The mechanism of glyphosate tolerance was investigated in nine birdsfoot trefoil selections that exhibited a threefold difference in glyphosate tolerance. Single-stemmed ramets (vegetative clones) established from the nine selections were used to evaluate tolerance to glyphosate, spray retention, and 14C-glyphosate absorption and translocation in growth chamber experiments. The tolerance of greenhouse-grown ramets correlated with the tolerance of field-grown plants, indicating that tolerance was not a function of plant size or affected by environment. The nine selections differed in spray retention and 14C-glyphosate translocation but not in glyphosate absorption. The differences in retention and translocation were not correlated with the level of glyphosate tolerance but could contribute to the tolerance of an individual plant. The specific activity of 5-enolpyruvylshikimate 3-phosphate synthase (EPSPS) (EC 184.108.40.206) ranged from 1.3 to 3.5 nmol min−1 mg−1 protein among the nine selections assayed and was positively correlated with plant tolerance level. These results indicate that the primary mechanism of glyphosate tolerance in birdsfoot trefoil is based on the level of EPSPS activity.
Based on six years of data from a field experiment near Pullman, WA, a bioeconomic decision model was developed to annually estimate the optimal post-emergence herbicide types and rates to control multiple weed species in winter wheat under various tillage systems and crop rotations. The model name, PALWEED:WHEAT, signifies a Washington-Idaho Palouse region weed management model for winter wheat The model consists of linear preharvest weed density functions, a nonlinear yield response function, and a profit function. Preharvest weed density functions were estimated for four weed groups: summer annual grasses, winter annual grasses, summer annual broadleaves, and winter annual broadleaves. A single aggregated weed competition index was developed from the four density functions for use functions for use in the yield model. A yield model containing a logistic damage function performed better than a model containing a rectangular hyperbolic damage function. Herbicides were grouped into three categories: preplant nonselective, postemergence broadleaf, and postemergence grass. PALWEED:WHEAT was applied to average conditions of the 6-yr experiment to predict herbicide treatments that maximized profit. In comparison to average treatment rates in the 6-yr experiment, the bioeconomic decision model recommended less postemergence herbicide. The weed management recommendations of PALWEED:WHEAT behaved as expected by agronomic and economic theory in response to changes in assumed weed populations, herbicide costs, crop prices, and possible restrictions on herbicide application rates.
Herbicide-resistant weeds are becoming a major problem in the Midwest, and strategies must be adopted to delay further selection. Strategies of rotating and tank-mixing herbicides with different modes of actions should be effective, but adoption may be limited and certain limitations may exist. Therefore, integrating nonchemical practices that indirectly lower selection pressure or restrict the growth of resistant populations is desirable. Appropriate integration of mechanical weeding, crop rotation, increased crop competition, and decision aids may further delay the development of resistance. Understanding the effect of these practices on weed population dynamics is required to more accurately predict their contributions toward resistance management. This knowledge will aid in justifying the adoption of improved management systems.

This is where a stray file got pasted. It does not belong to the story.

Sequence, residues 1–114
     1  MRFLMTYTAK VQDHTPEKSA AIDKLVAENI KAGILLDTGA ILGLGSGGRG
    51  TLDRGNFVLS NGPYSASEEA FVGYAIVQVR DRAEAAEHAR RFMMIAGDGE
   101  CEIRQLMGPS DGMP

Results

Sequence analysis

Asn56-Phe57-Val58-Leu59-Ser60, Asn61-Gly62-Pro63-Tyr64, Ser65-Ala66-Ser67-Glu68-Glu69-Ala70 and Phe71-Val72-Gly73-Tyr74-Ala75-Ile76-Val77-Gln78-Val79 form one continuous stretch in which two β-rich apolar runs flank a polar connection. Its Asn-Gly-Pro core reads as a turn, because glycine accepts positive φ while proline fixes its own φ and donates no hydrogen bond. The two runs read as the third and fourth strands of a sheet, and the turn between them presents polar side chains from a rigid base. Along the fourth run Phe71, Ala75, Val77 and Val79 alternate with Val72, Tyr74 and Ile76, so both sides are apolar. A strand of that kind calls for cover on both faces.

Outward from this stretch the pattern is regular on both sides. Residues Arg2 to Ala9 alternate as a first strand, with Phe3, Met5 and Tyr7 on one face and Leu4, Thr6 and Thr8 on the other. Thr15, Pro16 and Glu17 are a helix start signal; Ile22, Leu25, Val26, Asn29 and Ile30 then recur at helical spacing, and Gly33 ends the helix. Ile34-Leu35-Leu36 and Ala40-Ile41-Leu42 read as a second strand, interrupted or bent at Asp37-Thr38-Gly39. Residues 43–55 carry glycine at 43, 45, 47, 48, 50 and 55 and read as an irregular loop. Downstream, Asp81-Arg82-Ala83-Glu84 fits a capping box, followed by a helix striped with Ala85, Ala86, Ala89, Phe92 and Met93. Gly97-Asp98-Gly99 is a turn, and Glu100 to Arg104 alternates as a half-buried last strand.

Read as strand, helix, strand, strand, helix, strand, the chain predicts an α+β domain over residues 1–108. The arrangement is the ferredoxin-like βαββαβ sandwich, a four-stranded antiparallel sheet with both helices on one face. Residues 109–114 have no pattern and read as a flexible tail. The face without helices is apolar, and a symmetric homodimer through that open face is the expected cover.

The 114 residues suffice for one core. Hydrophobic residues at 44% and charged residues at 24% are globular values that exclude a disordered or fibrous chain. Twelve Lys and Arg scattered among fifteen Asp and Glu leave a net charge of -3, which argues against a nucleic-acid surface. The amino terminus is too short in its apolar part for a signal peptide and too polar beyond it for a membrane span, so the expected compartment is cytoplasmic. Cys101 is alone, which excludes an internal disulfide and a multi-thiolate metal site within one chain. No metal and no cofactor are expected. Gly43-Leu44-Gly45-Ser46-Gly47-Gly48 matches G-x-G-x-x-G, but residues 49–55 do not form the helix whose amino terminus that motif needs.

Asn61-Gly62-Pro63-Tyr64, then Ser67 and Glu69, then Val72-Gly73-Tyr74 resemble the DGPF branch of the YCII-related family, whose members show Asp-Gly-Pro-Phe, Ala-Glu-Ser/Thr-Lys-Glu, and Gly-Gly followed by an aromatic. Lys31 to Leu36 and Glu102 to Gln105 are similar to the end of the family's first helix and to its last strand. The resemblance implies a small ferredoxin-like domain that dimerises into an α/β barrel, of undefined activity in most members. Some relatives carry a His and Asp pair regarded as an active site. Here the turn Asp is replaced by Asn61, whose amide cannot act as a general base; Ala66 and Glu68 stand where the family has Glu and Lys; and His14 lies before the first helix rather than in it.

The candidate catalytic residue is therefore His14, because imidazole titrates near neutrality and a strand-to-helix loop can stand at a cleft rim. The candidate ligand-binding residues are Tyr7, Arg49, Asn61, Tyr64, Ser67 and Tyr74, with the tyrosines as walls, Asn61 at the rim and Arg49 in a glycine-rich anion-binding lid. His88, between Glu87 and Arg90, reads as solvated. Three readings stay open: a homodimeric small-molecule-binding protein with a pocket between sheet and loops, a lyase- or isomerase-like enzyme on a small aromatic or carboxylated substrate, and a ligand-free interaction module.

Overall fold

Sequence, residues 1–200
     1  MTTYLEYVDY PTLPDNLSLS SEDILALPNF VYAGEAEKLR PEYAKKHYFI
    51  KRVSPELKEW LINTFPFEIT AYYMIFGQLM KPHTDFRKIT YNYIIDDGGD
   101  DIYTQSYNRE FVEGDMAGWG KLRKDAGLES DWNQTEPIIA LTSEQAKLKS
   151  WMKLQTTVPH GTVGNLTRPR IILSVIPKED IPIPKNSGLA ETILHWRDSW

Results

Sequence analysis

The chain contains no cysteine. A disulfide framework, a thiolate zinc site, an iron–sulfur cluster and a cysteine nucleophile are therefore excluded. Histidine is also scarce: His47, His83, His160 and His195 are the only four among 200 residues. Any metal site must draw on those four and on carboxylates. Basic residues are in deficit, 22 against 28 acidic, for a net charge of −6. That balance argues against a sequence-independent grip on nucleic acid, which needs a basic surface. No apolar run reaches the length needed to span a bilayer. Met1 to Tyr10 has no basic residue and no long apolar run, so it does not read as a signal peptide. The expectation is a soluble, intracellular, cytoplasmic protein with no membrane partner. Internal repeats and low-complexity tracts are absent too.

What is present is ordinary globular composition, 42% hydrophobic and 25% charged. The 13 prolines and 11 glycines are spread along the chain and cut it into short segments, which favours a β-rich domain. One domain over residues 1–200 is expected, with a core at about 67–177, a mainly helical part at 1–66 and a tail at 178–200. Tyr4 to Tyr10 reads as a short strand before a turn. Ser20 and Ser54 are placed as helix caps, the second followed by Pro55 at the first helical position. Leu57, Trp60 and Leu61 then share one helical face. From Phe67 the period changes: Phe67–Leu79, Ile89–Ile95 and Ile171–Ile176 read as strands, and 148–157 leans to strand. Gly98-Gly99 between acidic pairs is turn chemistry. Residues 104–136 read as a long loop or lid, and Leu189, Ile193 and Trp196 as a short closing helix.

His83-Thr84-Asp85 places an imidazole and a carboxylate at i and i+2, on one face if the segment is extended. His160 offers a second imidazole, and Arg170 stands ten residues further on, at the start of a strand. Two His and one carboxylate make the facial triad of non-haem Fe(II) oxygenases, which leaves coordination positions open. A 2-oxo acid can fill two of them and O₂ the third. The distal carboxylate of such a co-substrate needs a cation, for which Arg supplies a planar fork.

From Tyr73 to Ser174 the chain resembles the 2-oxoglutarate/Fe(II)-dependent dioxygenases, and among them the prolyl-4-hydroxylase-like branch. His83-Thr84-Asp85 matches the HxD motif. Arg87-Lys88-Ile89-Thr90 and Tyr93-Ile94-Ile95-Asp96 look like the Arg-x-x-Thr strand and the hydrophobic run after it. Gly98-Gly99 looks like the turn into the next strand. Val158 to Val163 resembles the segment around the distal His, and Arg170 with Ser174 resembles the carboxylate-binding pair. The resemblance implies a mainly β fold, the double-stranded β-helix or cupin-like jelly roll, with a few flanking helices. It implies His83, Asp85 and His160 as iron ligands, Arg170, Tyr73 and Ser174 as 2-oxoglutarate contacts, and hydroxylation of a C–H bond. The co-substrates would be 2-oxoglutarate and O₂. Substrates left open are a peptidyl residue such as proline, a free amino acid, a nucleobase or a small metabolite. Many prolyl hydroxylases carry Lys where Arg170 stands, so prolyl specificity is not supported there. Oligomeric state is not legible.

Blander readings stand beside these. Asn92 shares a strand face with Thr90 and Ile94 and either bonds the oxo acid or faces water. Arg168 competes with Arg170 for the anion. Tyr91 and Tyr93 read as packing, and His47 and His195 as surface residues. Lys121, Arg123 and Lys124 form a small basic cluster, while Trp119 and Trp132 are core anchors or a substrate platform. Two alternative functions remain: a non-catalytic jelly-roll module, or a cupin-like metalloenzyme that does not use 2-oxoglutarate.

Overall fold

Knowledge of weed community structure in vegetable crops of the north central region (NCR) is poor. To characterize weed species composition present at harvest (hereafter called residual weeds) in processing sweet corn, 175 fields were surveyed in Illinois, Minnesota, and Wisconsin from 2005 to 2007. Weed density was enumerated by species in thirty 1-m2 quadrats placed randomly along a 300- to 500-m loop through the field, and additional species observed outside quadrats were also recorded. Based on weed community composition, population density, and mean plant size, overall weed interference level was rated. A total of 56 residual weed species were observed and no single species dominated the community of NCR processing sweet corn. Several of the most abundant species, such as common lambsquarters and velvetleaf, have been problems for many years, while other species, like wild-proso millet, have become problematic in only the last 20 yr. Compared to a survey of weeds in sweet corn more than 40 yr ago, greater use of herbicides is associated with reductions in weed density by approximately an order of magnitude; however, 57% of fields appeared to suffer yield loss due to weeds. Sweet corn harvest in the NCR ranges from July into early October. Earlier harvests were characterized by some of the highest weed densities, while late-emerging weeds such as eastern black nightshade occurred in fields harvested after August. Fall panicum, giant foxtail, wild-proso millet, common lambsquarters, and velvetleaf were the most abundant species across the NCR, yet each state had some unique dominant weeds.
Solanum ptycanthum plants putatively resistant to acetolactate synthase (ALS) inhibitors were identified in a Wisconsin Glycine max field in 1999. Three- to four-leaf-stage S. ptycanthum plants in the greenhouse were 150, 120, and 5.9-fold resistant to imazethapyr, imazamox, and primisulfuron, respectively, compared with susceptible plants. In vivo ALS was 170- and less than 20-fold more resistant to imazethapyr and primisulfuron, respectively. These results suggested that the S. ptycanthum accession was highly resistant to imazethapyr and imazamox, and that resistance was associated with insensitive ALS. This is the first confirmed occurrence worldwide of S. ptycanthum resistance to ALS inhibitors.